Year of Glittering Celebrations begins at Diamond Light Source
News Feb 04, 2014
The UK’s national synchrotron, Diamond Light Source, which produces a light 10 billion times brighter than the sun for cutting-edge scientific research, today announced a year of activity to showcase 100 years of crystallography, a technique which is fundamental to the thousands of research experiments carried out at Diamond every year. The programme of events has been organised to celebrate UNESCO’s 2014 International Year of Crystallography and to promote public understanding of this critical scientific field.
At Diamond, crystallography is a key scientific technique which uses the unique pattern of diffraction made when intense X-rays pass through a crystallised sample to determine its atomic structure. The ‘beamlines’ at Diamond Light Source are used by over 3,000 scientists ever year to literally shine a light on a broad range of experiments from DNA, to research into HIV and cancer treatments. Crystallography has fostered countless scientific advances since its discovery and continues to be used by scientists at Diamond Light Source in pioneering research into new forms of energy, archaeology and pioneering drug design.
The United Nations International Year of Crystallography in 2014 follows the centenary of the Nobel Prize for Physics being awarded to British father and son scientific partnership William Henry Bragg and William Lawrence Bragg, the founding fathers of crystallography.
Professor Andrew Harrison, CEO of Diamond Light Source, comments:
“It is extremely encouraging that UNESCO has chosen to designate 2014 as the International Year of Crystallography. We intend to embrace every opportunity to communicate the amazing science that this technique has enabled researchers to carry out over the last century. Crystallography revolutionised science 100 years ago and when synchrotrons started to be built thirty years ago, they revolutionised crystallography. The paths of crystallography and synchrotrons are intertwined and we hope this year of recognition will allow us to share the wonder of what crystallography has made possible globally, along with our aspirations for future achievements based on the new technology we are bringing to Diamond.”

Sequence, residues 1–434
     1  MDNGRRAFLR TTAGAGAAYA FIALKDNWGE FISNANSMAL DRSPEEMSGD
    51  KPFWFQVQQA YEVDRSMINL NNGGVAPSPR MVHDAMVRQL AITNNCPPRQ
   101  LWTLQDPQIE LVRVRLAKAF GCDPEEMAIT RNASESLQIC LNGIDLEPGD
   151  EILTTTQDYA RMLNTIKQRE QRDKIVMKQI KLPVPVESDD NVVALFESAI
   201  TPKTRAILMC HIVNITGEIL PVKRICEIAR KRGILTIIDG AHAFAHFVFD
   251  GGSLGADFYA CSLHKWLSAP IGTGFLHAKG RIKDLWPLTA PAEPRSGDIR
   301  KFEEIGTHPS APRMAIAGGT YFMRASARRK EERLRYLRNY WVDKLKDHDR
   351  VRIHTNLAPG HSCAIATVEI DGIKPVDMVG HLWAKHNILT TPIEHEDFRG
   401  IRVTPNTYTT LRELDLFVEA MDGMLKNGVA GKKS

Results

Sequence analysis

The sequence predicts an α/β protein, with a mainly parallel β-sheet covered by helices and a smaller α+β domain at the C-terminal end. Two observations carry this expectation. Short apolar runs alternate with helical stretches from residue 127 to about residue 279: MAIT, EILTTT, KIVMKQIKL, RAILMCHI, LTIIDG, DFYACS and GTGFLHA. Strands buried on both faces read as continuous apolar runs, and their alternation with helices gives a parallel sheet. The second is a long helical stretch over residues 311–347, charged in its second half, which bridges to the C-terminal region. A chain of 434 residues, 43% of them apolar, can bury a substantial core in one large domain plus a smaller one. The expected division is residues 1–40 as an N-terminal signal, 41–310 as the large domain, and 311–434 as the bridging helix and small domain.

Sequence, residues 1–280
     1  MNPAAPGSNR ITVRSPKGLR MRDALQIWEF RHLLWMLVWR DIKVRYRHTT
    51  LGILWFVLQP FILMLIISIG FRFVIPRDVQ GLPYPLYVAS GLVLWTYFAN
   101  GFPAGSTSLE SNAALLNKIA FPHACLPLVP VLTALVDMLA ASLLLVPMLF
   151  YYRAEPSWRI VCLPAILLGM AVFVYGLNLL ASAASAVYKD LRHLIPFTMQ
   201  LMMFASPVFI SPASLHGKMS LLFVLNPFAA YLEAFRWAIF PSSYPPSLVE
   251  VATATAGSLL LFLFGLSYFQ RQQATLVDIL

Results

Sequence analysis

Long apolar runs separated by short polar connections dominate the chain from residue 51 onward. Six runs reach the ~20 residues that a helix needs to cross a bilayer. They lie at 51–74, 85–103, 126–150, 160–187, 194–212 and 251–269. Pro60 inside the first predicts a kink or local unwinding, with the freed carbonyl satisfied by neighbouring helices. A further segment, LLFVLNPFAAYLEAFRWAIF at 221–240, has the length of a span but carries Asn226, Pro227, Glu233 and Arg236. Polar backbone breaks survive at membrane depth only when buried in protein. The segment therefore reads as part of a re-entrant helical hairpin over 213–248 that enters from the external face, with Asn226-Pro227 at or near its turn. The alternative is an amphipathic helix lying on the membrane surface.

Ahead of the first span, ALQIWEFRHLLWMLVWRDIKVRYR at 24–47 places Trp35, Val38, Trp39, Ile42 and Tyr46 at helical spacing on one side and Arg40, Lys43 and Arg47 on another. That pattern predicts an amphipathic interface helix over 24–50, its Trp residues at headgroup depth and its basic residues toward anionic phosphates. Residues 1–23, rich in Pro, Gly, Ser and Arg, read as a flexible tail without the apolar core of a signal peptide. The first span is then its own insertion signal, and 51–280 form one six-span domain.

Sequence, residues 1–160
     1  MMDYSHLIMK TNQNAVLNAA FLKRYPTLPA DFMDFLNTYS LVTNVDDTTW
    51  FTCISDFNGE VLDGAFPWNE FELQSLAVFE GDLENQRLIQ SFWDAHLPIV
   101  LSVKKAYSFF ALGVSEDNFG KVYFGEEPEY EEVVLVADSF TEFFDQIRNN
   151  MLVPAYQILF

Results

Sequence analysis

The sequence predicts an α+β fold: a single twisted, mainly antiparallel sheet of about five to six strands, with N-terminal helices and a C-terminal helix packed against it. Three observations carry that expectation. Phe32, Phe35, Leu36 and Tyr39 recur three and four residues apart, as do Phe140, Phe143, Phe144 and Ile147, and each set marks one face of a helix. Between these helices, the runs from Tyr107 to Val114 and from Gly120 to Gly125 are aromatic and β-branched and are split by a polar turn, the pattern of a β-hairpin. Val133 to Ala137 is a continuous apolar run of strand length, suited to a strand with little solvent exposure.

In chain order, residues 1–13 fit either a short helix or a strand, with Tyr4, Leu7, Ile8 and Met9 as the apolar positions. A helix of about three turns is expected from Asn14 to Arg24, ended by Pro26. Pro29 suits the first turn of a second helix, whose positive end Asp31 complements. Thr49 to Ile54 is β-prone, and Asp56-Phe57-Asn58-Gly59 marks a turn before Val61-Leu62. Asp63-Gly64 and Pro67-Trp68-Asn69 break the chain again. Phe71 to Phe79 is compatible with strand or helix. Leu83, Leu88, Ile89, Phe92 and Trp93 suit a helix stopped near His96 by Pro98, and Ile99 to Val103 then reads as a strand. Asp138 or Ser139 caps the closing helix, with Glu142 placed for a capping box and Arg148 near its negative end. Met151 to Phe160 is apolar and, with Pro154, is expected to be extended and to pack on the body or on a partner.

The programme of events will allow the public to participate in a range of engaging activities for all age groups from exhibitions and competitions, to hands on events, aimed at helping the public to find out more about this ground-breaking technique. Crystallography is the hidden science behind so many aspects of our lives and it has allowed scientists to achieve success in every area. Examples include the precise shape of human proteins that can lead on to better drugs to combat depression and anxiety, breakthroughs in harnessing the materials of the future, understanding the wave formation of electrons and designing life-saving vaccines. The ‘Diamond in Action’ calendar of events aims to reveal the details of the pioneering work done inside the facility’s giant, donut-shaped building in Oxfordshire.